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Mirrorshades: The Cyberpunk Anthology Mass Market Paperback – June 1, 1988


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Product Details

  • Mass Market Paperback: 239 pages
  • Publisher: Ace Books; 1st edition (June 1, 1988)
  • Language: English
  • ISBN-10: 0441533825
  • ISBN-13: 978-0441533824
  • Product Dimensions: 4.2 x 0.8 x 7 inches
  • Shipping Weight: 4.8 ounces
  • Average Customer Review: 4.0 out of 5 stars  See all reviews (25 customer reviews)
  • Amazon Best Sellers Rank: #379,655 in Books (See Top 100 in Books)

More About the Author

Bruce Sterling, author, journalist, editor, and critic,
was born in 1954. Best known for his ten science fiction
novels, he also writes short stories, book reviews,
design criticism, opinion columns, and introductions
for books ranging from Ernst Juenger to Jules Verne.
His nonfiction works include THE HACKER CRACKDOWN:
LAW AND DISORDER ON THE ELECTRONIC FRONTIER (1992),
TOMORROW NOW: ENVISIONING THE NEXT FIFTY YEARS (2003),
and SHAPING THINGS (2005).

He is a contributing editor of WIRED magazine
and writes a weblog. During 2005,
he was the "Visionary in Residence" at Art Center
College of Design in Pasadena. In 2008 he
was the Guest Curator for the Share Festival
of Digital Art and Culture in Torino, Italy,
and the Visionary in Residence at the Sandberg
Instituut in Amsterdam. In 2011 he returned to
Art Center as "Visionary in Residence" to run
a special project on Augmented Reality.

He has appeared in ABC's Nightline, BBC's The Late Show,
CBC's Morningside, on MTV and TechTV, and in Time,
Newsweek, The Wall Street Journal, the New York Times,
Fortune, Nature, I.D., Metropolis, Technology Review,
Der Spiegel, La Stampa, La Repubblica, and many other venues.

Customer Reviews

Recommended to all fellow cyberpunk fans!
Maxim Inshakov
This is simply a fantastic collection of the best stories of my favorite literary subgenre, the Cyberpunk Movement in the 1980s and early 1990s.
Jordan Stalker
It is also a coming of maturity for science fiction as the dominant form of postmodern literary expression.
Gregory Alan Wingo

Most Helpful Customer Reviews

70 of 83 people found the following review helpful By "consolecowboy" on September 2, 2002
Format: Mass Market Paperback
Now, I'm not saying that Mirrorshades was bad. Not only did it contain one of the most definitive PR essays on cyberpunk (Sterling's introduction) but it also conains some very good stories. On the other hand, it could have been much, much, MUCH better.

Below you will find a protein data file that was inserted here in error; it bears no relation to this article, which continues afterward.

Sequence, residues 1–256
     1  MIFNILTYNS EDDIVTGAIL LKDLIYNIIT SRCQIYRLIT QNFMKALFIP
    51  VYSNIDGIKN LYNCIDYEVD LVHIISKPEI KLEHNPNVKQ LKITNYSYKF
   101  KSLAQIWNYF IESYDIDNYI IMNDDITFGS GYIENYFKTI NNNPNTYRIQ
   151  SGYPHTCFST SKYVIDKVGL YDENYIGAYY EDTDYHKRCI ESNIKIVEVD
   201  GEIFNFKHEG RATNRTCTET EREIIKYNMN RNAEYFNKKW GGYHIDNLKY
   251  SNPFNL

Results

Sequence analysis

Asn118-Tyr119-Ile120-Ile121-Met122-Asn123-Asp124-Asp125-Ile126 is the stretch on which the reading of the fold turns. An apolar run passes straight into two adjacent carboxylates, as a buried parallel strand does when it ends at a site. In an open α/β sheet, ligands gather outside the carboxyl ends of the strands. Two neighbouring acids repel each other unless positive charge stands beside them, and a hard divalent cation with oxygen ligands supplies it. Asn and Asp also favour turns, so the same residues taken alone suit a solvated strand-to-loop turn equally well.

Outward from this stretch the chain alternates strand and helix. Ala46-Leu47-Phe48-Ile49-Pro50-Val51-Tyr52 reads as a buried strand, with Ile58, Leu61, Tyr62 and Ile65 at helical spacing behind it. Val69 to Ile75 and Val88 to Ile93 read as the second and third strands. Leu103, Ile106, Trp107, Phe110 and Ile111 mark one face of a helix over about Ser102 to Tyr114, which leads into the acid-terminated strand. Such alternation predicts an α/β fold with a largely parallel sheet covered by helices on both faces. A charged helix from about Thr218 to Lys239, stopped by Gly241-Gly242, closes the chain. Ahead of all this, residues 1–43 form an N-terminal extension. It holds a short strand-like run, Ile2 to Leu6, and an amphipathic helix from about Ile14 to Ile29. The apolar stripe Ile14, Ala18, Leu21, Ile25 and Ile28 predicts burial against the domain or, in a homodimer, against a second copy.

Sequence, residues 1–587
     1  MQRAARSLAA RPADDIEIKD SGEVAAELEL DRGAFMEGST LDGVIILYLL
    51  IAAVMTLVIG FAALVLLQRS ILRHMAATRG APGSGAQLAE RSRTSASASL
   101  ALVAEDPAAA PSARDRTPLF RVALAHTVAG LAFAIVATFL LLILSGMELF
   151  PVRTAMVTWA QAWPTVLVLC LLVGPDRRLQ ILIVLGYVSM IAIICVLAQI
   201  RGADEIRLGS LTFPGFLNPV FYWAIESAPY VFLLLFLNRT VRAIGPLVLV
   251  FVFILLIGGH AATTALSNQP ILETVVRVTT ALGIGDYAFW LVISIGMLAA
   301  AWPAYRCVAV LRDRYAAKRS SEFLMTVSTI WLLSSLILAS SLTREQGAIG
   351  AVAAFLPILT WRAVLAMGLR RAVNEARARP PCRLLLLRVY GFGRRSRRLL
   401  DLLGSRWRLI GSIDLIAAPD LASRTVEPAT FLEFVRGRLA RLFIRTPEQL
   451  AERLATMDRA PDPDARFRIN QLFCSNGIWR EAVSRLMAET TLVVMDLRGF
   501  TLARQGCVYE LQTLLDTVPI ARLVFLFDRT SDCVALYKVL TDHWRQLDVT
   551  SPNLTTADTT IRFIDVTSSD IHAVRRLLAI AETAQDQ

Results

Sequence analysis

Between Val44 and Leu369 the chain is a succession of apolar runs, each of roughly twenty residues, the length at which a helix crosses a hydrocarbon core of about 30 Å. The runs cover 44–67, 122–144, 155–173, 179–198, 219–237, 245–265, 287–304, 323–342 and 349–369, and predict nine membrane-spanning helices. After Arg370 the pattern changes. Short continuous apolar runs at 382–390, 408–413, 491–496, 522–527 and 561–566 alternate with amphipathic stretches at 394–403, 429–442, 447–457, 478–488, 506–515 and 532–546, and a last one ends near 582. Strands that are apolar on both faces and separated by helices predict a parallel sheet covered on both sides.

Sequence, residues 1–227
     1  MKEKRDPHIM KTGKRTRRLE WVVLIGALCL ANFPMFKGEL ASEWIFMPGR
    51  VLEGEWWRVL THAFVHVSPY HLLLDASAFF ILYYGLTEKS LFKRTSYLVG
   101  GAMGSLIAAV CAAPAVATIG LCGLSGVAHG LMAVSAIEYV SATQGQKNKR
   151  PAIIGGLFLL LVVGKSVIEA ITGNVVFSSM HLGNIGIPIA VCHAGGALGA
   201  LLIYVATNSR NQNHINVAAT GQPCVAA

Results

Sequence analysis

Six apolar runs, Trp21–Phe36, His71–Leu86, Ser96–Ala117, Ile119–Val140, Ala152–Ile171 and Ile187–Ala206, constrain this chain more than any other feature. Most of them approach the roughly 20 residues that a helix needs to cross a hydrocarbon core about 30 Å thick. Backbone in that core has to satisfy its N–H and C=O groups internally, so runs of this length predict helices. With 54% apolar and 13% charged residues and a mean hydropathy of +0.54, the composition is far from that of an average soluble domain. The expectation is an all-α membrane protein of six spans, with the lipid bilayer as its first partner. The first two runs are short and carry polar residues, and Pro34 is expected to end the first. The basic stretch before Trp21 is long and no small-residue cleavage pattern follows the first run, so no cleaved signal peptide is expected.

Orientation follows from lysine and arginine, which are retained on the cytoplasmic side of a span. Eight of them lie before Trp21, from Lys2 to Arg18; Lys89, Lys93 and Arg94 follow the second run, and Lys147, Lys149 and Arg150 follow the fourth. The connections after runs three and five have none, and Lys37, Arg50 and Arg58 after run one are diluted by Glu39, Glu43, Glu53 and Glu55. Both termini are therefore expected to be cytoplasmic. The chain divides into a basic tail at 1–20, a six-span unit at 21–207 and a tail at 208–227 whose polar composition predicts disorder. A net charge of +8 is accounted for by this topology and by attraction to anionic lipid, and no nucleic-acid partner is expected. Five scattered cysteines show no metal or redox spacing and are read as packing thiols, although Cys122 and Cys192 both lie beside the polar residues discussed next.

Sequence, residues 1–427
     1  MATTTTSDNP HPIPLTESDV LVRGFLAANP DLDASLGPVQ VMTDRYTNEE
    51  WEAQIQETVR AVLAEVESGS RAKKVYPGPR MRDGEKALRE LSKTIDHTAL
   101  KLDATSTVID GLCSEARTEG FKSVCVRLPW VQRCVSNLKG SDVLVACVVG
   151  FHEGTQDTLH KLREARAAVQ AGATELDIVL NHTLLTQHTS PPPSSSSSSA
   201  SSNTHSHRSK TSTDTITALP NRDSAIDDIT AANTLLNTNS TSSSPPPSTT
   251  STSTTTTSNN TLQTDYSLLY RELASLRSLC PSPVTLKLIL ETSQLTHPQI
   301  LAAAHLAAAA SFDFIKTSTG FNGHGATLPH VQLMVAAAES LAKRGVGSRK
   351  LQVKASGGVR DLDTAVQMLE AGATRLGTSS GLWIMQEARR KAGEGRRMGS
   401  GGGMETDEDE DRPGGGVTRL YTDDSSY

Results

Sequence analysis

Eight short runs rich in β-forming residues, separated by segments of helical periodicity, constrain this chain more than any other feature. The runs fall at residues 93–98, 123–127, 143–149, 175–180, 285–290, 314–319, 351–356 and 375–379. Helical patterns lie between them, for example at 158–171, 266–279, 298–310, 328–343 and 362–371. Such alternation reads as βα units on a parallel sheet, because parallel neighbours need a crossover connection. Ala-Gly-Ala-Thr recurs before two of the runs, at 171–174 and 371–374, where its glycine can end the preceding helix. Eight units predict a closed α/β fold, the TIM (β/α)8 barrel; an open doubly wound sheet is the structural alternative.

Bruce Sterling, who edited Mirrorshades and similarly hand-picked the stories, clearly has his own agenda to the particular stories...at least, in some cases. Sterling assembled this almost as if it were an extension of his short-run newsletter, Cheap Truth (which he wrote under an assumed name of Omniveritas). In Cheap Truth, he attacked the existing science-fiction structure. He continues this trend in Mirrorshades.
The clearest example would be his choice of Gibson short work. Of the possible short stories, he picked The Gernsback Continuum and Red Star, Winter Orbit. Gernsback Continuum is, simply, not cyberpunk. It is Gibson's attack on Gernsbackian science fiction (Hugo Gernsback was really to blame for the "fantastic" science-fiction which used amazing gadgetry and no actual ideas). Sterling's view of the Movement (cyberpunk lit) was to erase the old Gernsbackian sf and replace it with real life rather than daydreams, so he picked this story as Gibson's contribution. This is absurd. The definitive cyberpunk short story is Burning Chrome. It is clear that Sterling chose to further his own political ends as opposed to providing a good overview-the best of the best-of cyberpunk fiction.
I could also have done without Sterling's final story, Mozart with Mirrorshades. This was, of course, an attempt to weave in the token item of the genre, the mirrored sunglasses. Sterling would have been much better off to include one of his Shaper-Mechanist stories, especially Spider Rose or Swarm.
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10 of 11 people found the following review helpful By Babytoxie on March 16, 2001
Format: Mass Market Paperback